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Mangudya to leave RBZ

The Reserve Bank of Zimbabwe (RBZ) governor John Mangudya says his top priorities are to leave behind a sound financial system, strong central bank, and stable prices as his two terms come to an end.

Mangudya, an economist by training, was chosen by former president Robert Mugabe to serve as governor of the RBZ on May 1, 2014.

He succeeded Gideon Gono, who accelerated the central bank printing press to keep up with hyperinflation.

On May 1, 2019, President Emmerson Mnangagwa appointed him to a second and last five-year term as governor, which ends next year.

Two years after Mangudya’s term was renewed, in an effort to alleviate serious cash and dollar shortage, the RBZ decided to create the surrogate bond note currency, and some say it tarnished his stint at RBZ.

“We have got triple stability issues that we are dealing with—price stability, financial system stability and institutional stability,” Mangudya told directors at a recent business breakfast meeting in Harare.

“Moreso, when this governor is going to leave in 2024, it is my wish to ensure that we leave a very stable institution, we leave stable prices in Zimbabwe, and we leave stable banks in Zimbabwe.”

Later, he said in an interview with Standardbusiness that by rescuing the nation from a situation of extreme inflation, he had been able to stabilise prices.

“We have got a tight monetary policy stance, we have got a stable pricing system and the banking system is stable and safe,” Mangudya said.

“So, what we think of ourselves is that we have moved from a hyperinflationary environment, we have moved from a currency reforms environment, we are now in a stable environment and we want to maintain that environment.

“Therefore, it means that we are between 6 and 7 out of 10. We are very bullish about it.”

Prosper Chitambara, an economist, said the governor has done well in ensuring the stability of the financial sector.

However, he said that the former CBZ CEO was still having trouble keeping pricing stable.

“Let’s look at the soundness of the financial system and stability. I think he has been a success there,” Chitambara said.

“We haven’t seen any major banking failure or banking sector instabilities during his tenure. In terms of price stability, there have been challenges, especially chronic high inflation.”

The development economist stated that a combination of fiscal prudence on the part of the government and monetary discipline on the part of the central bank were required to ensure price stability.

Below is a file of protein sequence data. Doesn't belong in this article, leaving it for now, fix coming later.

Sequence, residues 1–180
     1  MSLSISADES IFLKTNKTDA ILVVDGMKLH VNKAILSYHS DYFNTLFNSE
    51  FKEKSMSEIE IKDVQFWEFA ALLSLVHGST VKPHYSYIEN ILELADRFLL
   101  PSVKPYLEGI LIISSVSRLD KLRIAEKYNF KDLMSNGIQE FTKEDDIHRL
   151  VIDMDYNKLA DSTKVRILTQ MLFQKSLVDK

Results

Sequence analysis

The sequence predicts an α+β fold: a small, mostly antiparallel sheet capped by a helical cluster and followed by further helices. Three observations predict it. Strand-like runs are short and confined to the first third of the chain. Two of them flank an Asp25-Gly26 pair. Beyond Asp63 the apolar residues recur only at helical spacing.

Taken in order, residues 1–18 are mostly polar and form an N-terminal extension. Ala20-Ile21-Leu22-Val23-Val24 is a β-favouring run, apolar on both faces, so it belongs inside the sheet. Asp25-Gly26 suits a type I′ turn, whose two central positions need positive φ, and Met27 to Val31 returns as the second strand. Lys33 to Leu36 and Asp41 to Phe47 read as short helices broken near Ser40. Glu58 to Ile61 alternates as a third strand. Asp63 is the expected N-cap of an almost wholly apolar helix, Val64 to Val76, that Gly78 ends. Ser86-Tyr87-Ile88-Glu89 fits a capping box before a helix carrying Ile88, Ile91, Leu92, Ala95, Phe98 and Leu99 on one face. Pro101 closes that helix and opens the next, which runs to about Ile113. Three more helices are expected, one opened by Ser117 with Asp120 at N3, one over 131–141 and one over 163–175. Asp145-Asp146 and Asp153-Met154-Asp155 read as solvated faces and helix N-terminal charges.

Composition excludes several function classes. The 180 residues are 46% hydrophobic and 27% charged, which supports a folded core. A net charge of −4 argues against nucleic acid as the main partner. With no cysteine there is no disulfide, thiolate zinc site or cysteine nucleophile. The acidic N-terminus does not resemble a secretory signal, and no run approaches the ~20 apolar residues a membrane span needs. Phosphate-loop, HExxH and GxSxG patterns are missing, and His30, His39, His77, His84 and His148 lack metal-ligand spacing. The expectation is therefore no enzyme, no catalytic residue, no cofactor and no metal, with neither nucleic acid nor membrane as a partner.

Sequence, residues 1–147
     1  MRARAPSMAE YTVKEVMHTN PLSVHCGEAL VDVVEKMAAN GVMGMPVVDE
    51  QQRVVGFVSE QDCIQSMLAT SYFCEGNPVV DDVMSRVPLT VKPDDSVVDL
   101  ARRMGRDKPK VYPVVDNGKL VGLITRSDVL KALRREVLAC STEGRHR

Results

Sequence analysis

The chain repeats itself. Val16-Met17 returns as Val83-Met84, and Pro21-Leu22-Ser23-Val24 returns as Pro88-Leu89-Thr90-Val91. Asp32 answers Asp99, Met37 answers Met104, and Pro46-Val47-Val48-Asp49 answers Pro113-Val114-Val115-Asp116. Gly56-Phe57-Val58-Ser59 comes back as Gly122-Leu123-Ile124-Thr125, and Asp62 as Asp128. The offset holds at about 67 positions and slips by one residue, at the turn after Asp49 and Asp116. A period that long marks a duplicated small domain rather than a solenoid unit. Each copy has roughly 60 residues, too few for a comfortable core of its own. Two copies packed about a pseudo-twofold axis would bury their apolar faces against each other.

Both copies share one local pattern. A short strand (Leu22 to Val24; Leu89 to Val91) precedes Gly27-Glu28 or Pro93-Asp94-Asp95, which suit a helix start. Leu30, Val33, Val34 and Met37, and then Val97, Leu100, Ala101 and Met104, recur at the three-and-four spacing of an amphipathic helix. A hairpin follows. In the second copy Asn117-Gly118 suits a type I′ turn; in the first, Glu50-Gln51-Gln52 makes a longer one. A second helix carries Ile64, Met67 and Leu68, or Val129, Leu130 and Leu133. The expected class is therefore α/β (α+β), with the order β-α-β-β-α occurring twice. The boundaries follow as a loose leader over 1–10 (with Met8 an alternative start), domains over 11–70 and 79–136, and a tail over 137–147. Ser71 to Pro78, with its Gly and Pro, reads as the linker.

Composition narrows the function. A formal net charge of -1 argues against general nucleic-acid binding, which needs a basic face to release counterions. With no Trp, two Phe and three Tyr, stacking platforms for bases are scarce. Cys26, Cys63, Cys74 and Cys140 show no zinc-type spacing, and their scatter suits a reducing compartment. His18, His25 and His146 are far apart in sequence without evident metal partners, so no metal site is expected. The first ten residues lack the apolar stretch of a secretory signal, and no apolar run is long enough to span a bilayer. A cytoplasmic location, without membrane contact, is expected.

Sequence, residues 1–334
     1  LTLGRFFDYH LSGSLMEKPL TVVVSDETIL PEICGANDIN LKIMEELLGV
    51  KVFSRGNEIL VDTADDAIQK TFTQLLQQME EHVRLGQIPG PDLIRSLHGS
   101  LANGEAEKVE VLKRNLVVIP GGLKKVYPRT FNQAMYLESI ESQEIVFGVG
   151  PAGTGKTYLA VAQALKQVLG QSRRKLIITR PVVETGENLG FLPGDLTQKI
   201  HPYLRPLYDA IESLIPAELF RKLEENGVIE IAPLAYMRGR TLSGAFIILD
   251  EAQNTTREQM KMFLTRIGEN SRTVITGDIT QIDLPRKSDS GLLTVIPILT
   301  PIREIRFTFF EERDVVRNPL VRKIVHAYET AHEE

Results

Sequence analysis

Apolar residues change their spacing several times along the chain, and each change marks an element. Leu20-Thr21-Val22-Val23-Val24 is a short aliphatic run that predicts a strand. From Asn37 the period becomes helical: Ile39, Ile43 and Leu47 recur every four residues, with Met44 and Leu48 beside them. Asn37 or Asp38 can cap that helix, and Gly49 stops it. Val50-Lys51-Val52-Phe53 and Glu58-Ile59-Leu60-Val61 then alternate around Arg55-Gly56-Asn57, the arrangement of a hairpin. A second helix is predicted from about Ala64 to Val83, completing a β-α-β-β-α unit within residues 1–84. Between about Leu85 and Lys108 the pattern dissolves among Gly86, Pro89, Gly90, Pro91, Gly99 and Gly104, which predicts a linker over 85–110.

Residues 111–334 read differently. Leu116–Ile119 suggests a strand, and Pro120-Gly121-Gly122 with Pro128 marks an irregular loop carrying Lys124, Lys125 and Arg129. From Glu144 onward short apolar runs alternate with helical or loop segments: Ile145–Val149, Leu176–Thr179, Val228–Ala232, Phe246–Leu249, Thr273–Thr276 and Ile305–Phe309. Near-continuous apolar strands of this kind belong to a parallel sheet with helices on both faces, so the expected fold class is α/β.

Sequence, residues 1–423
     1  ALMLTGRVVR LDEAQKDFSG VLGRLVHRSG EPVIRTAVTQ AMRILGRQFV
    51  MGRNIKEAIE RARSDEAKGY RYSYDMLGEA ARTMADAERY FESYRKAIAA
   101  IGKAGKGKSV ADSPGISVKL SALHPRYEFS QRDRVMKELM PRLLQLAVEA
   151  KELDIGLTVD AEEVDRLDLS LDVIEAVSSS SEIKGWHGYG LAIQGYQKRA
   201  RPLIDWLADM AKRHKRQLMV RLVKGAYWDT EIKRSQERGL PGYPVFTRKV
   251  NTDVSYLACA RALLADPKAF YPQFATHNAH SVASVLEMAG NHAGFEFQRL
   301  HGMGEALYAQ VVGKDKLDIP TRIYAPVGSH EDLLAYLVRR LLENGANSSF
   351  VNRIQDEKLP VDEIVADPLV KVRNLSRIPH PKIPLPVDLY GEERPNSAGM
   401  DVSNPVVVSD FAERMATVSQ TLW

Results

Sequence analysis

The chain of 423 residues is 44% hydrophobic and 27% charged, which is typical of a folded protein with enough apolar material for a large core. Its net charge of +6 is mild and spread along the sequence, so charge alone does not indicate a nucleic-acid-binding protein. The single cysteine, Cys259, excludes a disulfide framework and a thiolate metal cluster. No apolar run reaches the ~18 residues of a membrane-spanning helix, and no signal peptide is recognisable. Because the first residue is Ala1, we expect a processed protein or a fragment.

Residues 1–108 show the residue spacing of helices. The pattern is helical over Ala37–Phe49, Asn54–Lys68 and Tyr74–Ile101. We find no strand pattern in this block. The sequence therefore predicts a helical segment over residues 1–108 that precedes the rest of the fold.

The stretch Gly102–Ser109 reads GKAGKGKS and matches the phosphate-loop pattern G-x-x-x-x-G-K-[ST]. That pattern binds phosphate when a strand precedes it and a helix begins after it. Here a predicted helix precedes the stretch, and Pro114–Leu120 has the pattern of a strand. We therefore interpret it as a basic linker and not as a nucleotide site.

“In our case, the central bank is not strongly independent and obviously that then affects the objective of ensuring price stability because it means the central government can always seek recourse through the central bank in terms of monetary financing of government projects.”

Bulawayo based-economist, Stevenson Dhlamini said Mangudya scored some wins despite the harsh economic environment in the country.

“We appreciate that there has been growth in financial technology ever since he took office,”

“We have seen the introduction of the gold coins that brought some degree of stability of the Zimbabwean dollar,” Dhlamini said.

“He did manage in some years to reduce inflation and to prevent it from being a runaway inflation, partly because of his recent approach to the most stringent money supply control.

“However, we still observe that inflation remains high. Ever since he took office, inflation has been very difficult to harness and bring under control.”

Inflation stood at 87,6% in March 2023, from 92,3% recorded in the previous month.

While blended figures present a rosy outlook, the local currency has been under pressure, depreciating 34% within the month and the black-market premium widening to 64% as the official rate trails behind.

“Overall, we might say his tenure was one of the most difficult periods as RBZ governor — a period where there was high inflation, unstable exchange rate, balance of payments challenges, and rising external debt,” Dhlamini said.

“But he has also tried to come up with ways of reducing domestic debt.”

Economist Vince Musewe said: “I would score him seven out of 10 as I think despite the headwinds he faced, both internal and exogenous, he has managed to steer a stable and profitable banking sector in stormy seas.”

Musewe said the quasi-fiscal activities of the RBZ have disappeared and this was the main cause of inflationary pressures including speculative behaviours which made some of the monetary policy measures sterile.

“Confidence in the Zimbabwe dollar needs a cocktail of measures and we need to get the politics right first,” he said.

“It is clear that as long as we have a multi-currency regime the US dollar will remain the preferred currency and nothing can change that psychology.

“There have been zero scandals at the RBZ during his tenure both at institutional and personal levels as expected with that responsibility and we must give credit to his leadership for that.”

Mangudya worked for the central bank as an economist for 10 years until 1996 before joining the African Export-Import Bank (Afrexim) as its manager for southern Africa.

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